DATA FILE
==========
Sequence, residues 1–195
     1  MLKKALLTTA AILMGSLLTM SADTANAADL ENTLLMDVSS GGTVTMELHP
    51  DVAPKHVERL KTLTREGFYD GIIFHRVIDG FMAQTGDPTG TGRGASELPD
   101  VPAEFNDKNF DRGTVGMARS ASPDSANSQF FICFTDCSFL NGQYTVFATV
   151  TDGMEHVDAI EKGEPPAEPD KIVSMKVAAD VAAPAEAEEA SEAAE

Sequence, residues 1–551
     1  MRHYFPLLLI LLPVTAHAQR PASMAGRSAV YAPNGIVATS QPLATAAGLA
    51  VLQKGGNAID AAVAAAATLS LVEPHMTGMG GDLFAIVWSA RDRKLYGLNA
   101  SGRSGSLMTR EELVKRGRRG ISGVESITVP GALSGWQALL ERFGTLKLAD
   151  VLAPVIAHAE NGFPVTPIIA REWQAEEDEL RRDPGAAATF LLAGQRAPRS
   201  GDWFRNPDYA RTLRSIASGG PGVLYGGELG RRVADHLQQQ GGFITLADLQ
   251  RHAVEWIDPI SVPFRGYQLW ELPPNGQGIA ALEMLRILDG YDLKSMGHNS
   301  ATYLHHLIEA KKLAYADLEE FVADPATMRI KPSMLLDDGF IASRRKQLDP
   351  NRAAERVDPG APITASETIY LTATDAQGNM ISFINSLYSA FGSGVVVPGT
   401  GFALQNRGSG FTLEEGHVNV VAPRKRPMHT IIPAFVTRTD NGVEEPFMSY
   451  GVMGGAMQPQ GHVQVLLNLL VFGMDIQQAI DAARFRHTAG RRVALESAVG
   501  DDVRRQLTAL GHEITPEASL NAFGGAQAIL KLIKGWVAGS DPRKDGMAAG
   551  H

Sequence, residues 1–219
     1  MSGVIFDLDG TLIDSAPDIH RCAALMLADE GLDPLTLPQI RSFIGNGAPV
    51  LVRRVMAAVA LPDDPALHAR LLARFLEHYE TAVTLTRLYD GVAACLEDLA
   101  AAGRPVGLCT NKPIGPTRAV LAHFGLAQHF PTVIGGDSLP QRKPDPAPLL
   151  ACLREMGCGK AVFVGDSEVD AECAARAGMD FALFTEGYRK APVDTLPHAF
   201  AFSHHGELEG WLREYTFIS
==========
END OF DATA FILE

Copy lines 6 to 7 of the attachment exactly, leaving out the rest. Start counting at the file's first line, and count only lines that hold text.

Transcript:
Sequence, residues 1–551
     1  MRHYFPLLLI LLPVTAHAQR PASMAGRSAV YAPNGIVATS QPLATAAGLA